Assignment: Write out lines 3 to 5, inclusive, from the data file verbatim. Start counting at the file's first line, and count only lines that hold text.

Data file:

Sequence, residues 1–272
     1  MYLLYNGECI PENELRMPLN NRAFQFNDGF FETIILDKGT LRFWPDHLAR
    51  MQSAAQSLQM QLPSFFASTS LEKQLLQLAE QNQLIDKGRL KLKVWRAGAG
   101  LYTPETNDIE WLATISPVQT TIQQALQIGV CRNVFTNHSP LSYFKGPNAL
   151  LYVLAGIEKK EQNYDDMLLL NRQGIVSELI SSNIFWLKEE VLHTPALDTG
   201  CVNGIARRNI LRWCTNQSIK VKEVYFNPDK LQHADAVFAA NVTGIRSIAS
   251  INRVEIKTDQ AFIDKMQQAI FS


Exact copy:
    51  MQSAAQSLQM QLPSFFASTS LEKQLLQLAE QNQLIDKGRL KLKVWRAGAG
   101  LYTPETNDIE WLATISPVQT TIQQALQIGV CRNVFTNHSP LSYFKGPNAL
   151  LYVLAGIEKK EQNYDDMLLL NRQGIVSELI SSNIFWLKEE VLHTPALDTG